Now that the holiday season is in full swing, you may be thinking about donating to your favorite charities. This time of year also brings more attention to our deployed personnel, their families living stateside and our veterans. Lots of folks wonder how they can support the troops. Many organizations tout themselves as a way to give back to those who serve. But not all charities are legitimate – some are out to make a buck for themselves. Some spend more money paying their fundraisers than supporting the military community. Here are a few things you can do to prevent shady groups from cashing in on the cachet of the military.
Find out if they’re playing the name game. Just because an organization has the words “veterans” or “military families” in its name is no guarantee that veterans or the families of active-duty personnel will benefit from your donation. Some phony charities use names, seals and logos that look or sound like those of respected, legitimate organizations – or they may claim veteran status themselves as a way to gain your trust. You may see a small difference in the name of the charity from the one you mean to deal with; in that case, call the organization you know to be legitimate and check it out. The U.S. Department of Defense doesn’t endorse any charity, but recommends contacting Military One Source to get information about military relief societies.
Dig into the facts before you dig into your wallet. Check out an organization before parting with your money. Donate to charities with a track record. Scam artists follow the headlines and charities that spring up literally overnight in connection with military conflicts and related news stories may disappear just as quickly – with your donation funding their next move. In many cases, those “instant charities” don’t have the infrastructure to get donated money or products to the right place.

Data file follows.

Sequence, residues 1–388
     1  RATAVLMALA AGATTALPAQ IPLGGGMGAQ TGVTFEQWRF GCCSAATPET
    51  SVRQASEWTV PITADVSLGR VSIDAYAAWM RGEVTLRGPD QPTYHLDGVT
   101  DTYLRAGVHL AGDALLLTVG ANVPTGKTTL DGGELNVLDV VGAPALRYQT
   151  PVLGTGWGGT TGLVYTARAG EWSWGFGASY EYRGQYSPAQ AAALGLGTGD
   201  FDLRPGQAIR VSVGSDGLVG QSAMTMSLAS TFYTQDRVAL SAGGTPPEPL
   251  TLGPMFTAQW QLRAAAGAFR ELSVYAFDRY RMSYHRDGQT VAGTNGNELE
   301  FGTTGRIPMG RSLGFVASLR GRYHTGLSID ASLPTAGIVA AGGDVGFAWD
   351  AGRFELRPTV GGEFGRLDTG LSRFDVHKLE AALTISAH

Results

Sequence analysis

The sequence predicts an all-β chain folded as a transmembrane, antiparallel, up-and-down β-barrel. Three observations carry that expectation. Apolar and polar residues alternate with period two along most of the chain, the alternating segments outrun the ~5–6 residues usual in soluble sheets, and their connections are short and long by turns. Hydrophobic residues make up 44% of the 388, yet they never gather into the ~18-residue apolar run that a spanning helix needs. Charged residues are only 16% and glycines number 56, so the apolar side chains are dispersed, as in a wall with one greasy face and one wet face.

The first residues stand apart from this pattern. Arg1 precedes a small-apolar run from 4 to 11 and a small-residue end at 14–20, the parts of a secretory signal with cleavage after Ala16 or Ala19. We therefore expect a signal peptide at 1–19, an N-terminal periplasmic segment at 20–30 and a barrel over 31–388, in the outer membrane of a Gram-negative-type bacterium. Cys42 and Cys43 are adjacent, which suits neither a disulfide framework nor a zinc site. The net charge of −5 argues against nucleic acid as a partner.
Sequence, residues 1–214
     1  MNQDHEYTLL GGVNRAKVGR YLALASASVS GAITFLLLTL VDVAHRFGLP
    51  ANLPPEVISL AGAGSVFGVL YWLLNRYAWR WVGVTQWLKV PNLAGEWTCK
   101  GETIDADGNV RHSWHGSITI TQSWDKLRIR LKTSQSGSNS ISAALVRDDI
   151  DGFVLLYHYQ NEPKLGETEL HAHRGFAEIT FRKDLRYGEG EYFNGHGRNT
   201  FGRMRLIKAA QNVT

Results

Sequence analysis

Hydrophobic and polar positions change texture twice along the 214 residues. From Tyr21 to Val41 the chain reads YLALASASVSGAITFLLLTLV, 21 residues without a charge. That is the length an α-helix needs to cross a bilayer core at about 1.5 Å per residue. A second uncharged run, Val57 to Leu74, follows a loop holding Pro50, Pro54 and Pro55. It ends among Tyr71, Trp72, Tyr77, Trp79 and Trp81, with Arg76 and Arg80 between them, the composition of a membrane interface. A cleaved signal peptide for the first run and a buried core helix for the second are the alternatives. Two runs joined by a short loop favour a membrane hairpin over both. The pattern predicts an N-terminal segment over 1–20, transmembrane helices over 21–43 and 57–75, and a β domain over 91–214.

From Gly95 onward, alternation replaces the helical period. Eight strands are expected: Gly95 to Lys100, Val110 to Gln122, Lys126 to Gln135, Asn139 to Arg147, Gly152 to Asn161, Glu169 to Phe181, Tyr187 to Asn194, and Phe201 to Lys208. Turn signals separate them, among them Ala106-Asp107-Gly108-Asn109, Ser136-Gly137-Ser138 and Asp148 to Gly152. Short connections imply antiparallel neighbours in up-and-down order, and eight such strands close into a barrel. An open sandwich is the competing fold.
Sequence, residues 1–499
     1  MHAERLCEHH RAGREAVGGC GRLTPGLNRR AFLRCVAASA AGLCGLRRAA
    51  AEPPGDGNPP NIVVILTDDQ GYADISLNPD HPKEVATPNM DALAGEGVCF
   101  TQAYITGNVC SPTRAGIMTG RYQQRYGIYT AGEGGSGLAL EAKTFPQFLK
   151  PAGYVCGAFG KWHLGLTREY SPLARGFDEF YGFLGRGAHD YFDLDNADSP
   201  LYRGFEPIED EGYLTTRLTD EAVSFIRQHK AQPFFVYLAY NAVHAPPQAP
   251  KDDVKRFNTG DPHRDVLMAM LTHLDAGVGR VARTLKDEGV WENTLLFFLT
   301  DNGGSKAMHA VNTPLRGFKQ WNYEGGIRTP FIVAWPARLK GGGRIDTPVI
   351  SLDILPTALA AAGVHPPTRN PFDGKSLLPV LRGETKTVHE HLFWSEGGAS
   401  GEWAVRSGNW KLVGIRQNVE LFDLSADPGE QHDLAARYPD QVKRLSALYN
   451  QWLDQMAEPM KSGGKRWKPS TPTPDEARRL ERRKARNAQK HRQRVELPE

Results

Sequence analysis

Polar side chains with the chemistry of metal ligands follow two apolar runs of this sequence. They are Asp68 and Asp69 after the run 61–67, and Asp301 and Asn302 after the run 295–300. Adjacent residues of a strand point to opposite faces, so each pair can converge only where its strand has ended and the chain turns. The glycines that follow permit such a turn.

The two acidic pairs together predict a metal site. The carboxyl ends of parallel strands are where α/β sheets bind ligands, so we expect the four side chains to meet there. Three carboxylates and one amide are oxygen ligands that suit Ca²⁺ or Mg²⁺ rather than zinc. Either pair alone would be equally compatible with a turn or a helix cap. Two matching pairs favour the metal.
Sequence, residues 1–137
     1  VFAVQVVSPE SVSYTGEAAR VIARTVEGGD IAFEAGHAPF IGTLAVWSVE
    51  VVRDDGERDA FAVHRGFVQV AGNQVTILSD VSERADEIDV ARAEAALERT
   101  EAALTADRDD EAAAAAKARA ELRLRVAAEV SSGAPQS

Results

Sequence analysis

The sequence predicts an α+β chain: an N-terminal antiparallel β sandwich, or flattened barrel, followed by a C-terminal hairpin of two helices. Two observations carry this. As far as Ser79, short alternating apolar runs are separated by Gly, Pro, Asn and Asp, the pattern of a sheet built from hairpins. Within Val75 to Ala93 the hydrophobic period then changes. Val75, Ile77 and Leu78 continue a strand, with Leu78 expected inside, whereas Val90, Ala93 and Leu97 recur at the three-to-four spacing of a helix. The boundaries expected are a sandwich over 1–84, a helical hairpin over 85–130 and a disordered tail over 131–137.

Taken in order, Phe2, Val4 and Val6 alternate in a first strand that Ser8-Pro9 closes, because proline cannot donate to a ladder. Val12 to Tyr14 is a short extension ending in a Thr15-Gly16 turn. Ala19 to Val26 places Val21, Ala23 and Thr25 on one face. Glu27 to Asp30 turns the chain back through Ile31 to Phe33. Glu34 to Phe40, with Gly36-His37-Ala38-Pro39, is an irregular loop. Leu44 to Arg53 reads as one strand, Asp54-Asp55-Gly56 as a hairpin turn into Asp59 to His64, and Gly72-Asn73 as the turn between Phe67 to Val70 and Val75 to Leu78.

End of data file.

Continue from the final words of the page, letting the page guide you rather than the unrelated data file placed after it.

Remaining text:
Trust your gut. Check your records if you have any doubt about whether you’ve made a pledge or a contribution. Callers may try to trick you by thanking you for a pledge you didn’t make. If you don’t remember making the donation or don’t have a record of your pledge, resist the pressure to give.
Confirm their registration. Call the office that regulates charitable organizations and charitable solicitations to see if a charity or fundraising organization has to be registered in your state. If so, confirm whether the organization you’re considering is registered. For a list of state offices, visit the National Association of State Charity Officials. The organization also can verify how much of each donation goes to the charity, and how much goes to fundraising and management expenses. You also can check out charities with the Better Business Bureau’s (BBB) Wise Giving Alliance, Charity Navigator, Charity Watch, and GuideStar.
Ask so you shall not be deceived. If you’re solicited for a donation, ask if the caller is a paid fundraiser, who they work for and the percentage of your donation that will go to the charity and to the fundraiser. You may want to take your time to research this organization and other charitable groups. Then, you can make the best decision about what groups you want to support.
Learn more about making the most of your charitable donations. If you choose to support the troops this season, don’t let your donations fall fa-la-la-la flat.